Editor's note: This popular story from the Daily Briefing's archives was republished on Sept. 9, 2019.
Asking for a promotion can be an intimidating prospect, but successful employees must learn how to advocate for themselves—and there are a couple tips from experts to help initiate the conversation, Rebecca Knight writes for Harvard Business Review.
How to ask for a promotion
Knight outlines eight key do's and don'ts from Sabina Nawaz, a global CEO coach, leadership keynote speaker, and writer, and Joseph Weintraub, founder and faculty director of the Babson Coaching for Leadership and Teamwork Program.
1. Reflect on what you want. According to Weintraub, the first step is assessing what you want out of a potential promotion, whether that be more money or responsibility or perhaps a newly crafted role and set of responsibilities. This step, Weintraub adds, also includes "think[ing] about your skill set and how it aligns with the objectives of the organization," as that will help you position your request within the company's overall strategic goals.
2. Do some research. It shouldn't just be self-reflection, Nawaz adds: It's also important to solicit feedback from your peers and other colleagues about your performance. "The more senior you get, the more likely it is that your promotion is not the sole decision of your manager," she said. "Your manager's peers have input as well." Checking in with colleagues can also provide insight on how others navigated similar requests, Nawaz adds—and help you discern whether others see you as a leader.
3. Build a case. Once you know what you want, you have to build a case for your promotion that anticipates a "what-have-you-done-for-me-lately mentality," Nawaz says. She recommends putting together a short memo that uses "concrete metrics" to "outlin[e] your proven track record" and demonstrate "that you're already working at the level you're asking to be promoted to." Weintraub also recommends thinking of who might be your successor both to demonstrate your leadership and reassure your manager "that there is someone who can fill your shoes."
4. Consider your timing. You should pay attention to your timing when asking for a promotion, according to Weintraub. He recommends asking "after something good has happened," and Nawaz agrees. "When there's a lot of churn happening, it might be the best thing to jump in, roll up your sleeves, and simply do the work to stabilize the organization," she said. However, it's important to not become complacent, and if you believe that your promotion will help the organization, you should push for it, Knight writes.
5. Plant the seed. According to Nawaz, asking for a promotion isn't a single discussion—it's multiple continuing ones. She recommends that "your early words should be something along the lines of: 'I am excited to be here and to make an impact. Here is the impact I've already made. I would like to have ongoing discussions with you about what it would take for me to get to the next level.'" Weintraub agrees, adding that you should "demonstrate your willingness to grow and learn" by seeking feedback from your manager on how to ensure he or she thinks you're ready for the next professional step.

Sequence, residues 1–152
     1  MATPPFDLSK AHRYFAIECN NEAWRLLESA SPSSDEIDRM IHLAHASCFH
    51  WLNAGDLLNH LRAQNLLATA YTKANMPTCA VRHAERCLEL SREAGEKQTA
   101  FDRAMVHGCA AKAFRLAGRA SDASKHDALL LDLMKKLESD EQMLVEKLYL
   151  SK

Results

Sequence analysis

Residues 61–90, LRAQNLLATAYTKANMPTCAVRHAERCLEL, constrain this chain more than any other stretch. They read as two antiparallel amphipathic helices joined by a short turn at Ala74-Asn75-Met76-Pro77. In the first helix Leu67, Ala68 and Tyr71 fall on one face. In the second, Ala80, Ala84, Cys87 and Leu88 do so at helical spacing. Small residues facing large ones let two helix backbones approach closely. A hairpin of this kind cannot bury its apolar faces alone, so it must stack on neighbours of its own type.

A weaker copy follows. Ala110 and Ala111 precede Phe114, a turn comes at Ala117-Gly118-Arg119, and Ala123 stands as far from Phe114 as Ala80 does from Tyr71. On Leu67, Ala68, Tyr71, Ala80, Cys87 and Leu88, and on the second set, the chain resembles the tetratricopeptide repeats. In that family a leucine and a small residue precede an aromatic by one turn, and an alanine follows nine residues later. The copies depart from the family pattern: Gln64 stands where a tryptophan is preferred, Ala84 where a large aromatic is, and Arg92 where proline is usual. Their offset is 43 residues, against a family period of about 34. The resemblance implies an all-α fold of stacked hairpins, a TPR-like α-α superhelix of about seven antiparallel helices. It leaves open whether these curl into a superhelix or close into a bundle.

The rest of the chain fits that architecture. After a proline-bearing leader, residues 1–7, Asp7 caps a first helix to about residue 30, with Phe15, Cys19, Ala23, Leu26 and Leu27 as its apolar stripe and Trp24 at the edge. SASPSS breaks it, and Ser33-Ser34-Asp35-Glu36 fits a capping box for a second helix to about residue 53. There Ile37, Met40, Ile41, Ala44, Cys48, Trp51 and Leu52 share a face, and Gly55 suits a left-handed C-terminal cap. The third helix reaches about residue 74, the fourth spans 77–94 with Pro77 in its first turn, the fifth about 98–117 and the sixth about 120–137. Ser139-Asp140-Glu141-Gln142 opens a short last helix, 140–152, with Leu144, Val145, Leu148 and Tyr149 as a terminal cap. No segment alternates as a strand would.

6. Nurture the seed. Once you've had that first conversation, Nawaz says you need to "nurture it over time." She says that you should ask your manager for feedback "not so often that it becomes an irritant, but, say, every month or every quarter"—and be specific when it comes to your accomplishments and discussions about how to advance. For instance, according to Weintraub, you can come to your manager "with ideas of how you would spend your first 90 days on the job," as a way to "sho[w] you've done your homework and that you're serious about" the promotion.
7. Don't be careless. Be smart about your negotiating tactics, Weintraub and Nawaz caution. While using an offer from another company to get a promotion can—and often does—work, it's dangerous. "Promotion by hostage is not a good way to win friends and influence people," said Weintraub. "People generally don't respond well to ultimatums."
8. Be patient—but not complacent. Promotions are a process, Nawaz says, so it's important to "be realistic," and in the meantime, "continue to do good work, sincerely look for ways to increase your impact, and elevate the level at which you operate." However, be aware of signs that you might not be in line for the promotion. "If you look around and see others getting promotions that you're not getting, talk to your boss," Weintraub said. "Say: 'Will you recommend me for a promotion when one becomes available?'" And if you figure out that it's not likely going to happen, "think about whether you want to stay in your organization or look for a job elsewhere," he said (Knight, Harvard Business Review, 1/29).
Learn more: 7 conversations managers must have with employees
For the past seven weeks, the Daily Briefing has dived deep into the most important conversations managers should have with employees. Now, read the full series—and download tools, templates, and best practices to help you have these critical conversations:
- A behavioral-based interview with your job candidate
- Your first check-in with your new hire
- 30, 60, and 90-day check-ins with your new hire
- How to give employees regular recognition
- Conduct a performance review
- Perform a goal-focused mid-year check-in
- Encourage high-value staff to delay retirement